Okay, The Nowhere Place has been out about a month now, but since we’re just kicking off this whole audio play review thing, I think I’m allowed a little give and take to start with. Besides, there is the outside possibility you haven’t bought it yet. Never fear though, tomorrow I’ll be reviewing the very latest Big Finish Doctor Who play, the Sylvester McCoy/Bonnie Langford effort Red.
Strangely enough, despite his extreme on-screen kackness, Colin Baker is my favourite of all the Big Finish Doctors (it’s a tie between him and Paul McGann really), so I was actually looking forward to this, even though it doesn’t feature Peri. Ah, Peri. Sigh…
Written and directed by Nicholas “Voice of the Daleks and the Cybermen. How cool is that?” Briggs, The Nowhere Place is actually a surprisingly creepy little piece, marred by only the occasional piece of silly acting, some odd numbers and the suspicion you’ve heard it somewhere before (even though you haven’t). Otherwise, it’s really very good.
The plot (from the Big Finish web site, to save me some time)
2197. The fighter-carrier Valiant has just crossed Pluto’s orbital path. Its captain is expecting trouble from alien raiders. She is not expecting the Doctor and Evelyn.
She does not believe members of her crew when they say they can hear an ancient bell ringing. A bell that strikes terror into their hearts.
1952. The Turret Class locomotive Ivy Lee is hurtling through the night. On board, there should only be two passengers: both of them carrying documents from the War Office.
But now, there are also two unexpected visitors on the train. One is the guard with ill-fitting trousers, the other is an excessively dotty old lady.
The Doctor and Evelyn have arrived and ‘Time’s End’ is approaching.
Is it any good?
Yes. It is. It’s actually very creepy. The first half of the play is set on the aforementioned Valiant, where a mysterious door to nowhere has appeared in the side of the ship. How it got there, where it leads and why all the ship’s crew decide at regular intervals it would be absolutely super to go through it to their probable doom is pretty much the entire story – solving this mystery is what drives the Doctor and it’s a distinct race against time (in all senses).
Equally importantly, the door spooks him. It scares him when he’s in the TARDIS, particularly since it harks back to an ancient Time Lord legend that he doesn’t believe in. Which is nice.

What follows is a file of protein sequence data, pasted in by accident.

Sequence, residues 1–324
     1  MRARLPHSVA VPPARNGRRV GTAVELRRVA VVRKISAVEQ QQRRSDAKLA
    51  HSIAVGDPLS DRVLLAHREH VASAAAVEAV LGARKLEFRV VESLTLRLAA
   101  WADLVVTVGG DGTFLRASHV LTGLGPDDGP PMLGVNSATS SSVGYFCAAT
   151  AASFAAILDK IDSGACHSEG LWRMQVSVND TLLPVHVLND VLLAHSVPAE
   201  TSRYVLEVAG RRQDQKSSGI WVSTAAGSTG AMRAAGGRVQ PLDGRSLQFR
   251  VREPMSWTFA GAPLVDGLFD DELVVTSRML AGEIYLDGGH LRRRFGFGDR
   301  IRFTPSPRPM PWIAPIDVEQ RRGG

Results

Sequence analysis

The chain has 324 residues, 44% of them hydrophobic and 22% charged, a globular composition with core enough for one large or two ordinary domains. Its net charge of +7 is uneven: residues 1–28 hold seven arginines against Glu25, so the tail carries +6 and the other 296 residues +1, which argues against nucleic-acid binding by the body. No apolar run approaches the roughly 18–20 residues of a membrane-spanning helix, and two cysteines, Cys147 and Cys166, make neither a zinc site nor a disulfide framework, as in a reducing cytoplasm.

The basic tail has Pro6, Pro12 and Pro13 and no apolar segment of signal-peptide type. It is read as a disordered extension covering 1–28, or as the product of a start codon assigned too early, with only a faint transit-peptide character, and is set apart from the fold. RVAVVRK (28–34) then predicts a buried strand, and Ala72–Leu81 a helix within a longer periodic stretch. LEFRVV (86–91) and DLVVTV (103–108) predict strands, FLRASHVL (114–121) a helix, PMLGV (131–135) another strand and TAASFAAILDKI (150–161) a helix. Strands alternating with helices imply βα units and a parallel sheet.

Unfortunately, that takes us to a bad acting area for Colin, since it’s more or less an invitation to ham it up like a piece of Danish bacon. Must… strangle… own voice… more. Aghghghghghg! Ooooghgh! Errkkkk! And that’s a direct quote, more or less.
Maggie Stables doesn’t do much better, since she has to sound lost and anguished most of the time, which inevitably just means her talking very slowly. So combined, we have enough choice moments for an entire bacon sub by the end of the story.
However, the plot itself is enough to keep the tale hanging together and the door to nowhere certainly is disturbing, particularly once it’s clear an awful lot of people are going to die and the Doctor hasn’t the faintest clue what to do. Its only big flaws are towards the end, where we get things like “the door reads as being 50 billion years old”, which is apparently when the Earth was young: two statements guaranteed to get both cosmologists and geologists very, very annoyed.
And when you hear more of the explanation for the door, the long time Who fan will immediately spot a couple of similar stories by Douglas Adams, put two and two together and make five – since they aren’t actually the same, just very similar and not quite mutually contradictory (but awfully close).
The final resolution has a typically C Bakerish ending of moral ambiguity and potential ruthlessness that makes you want to give him a great big hug of joy. You may have had rubbish Who scripts, me old son, but all that time on The Brothers served you well.
So definitely one of the better, potentially even top 10 scripts of the Big Finish Doctor Who series. It’s not a big “everything changes from this point on” script, but it’s still a pretty good piece of work.
The Doctor (Colin Baker)
Evelyn Smythe (Maggie Stables)
Trevor Ridgely (Nicholas Briggs)
Captain Oswin (Martha Cope)
O’Keefe (Stephen Critchlow)
Master-at-Arms (Andrew Fettes)
Palmer (John Killoran)
Operations (Benjamin Roddy)
EXO Moore (John Schwab)
Armstrong (Andrew Wisher)
Hayman (Philip Wolff)
Writer: Nicholas Briggs
Director: Nicholas Briggs
Release Date: July 2006
RRP: £14.99 (£15.50)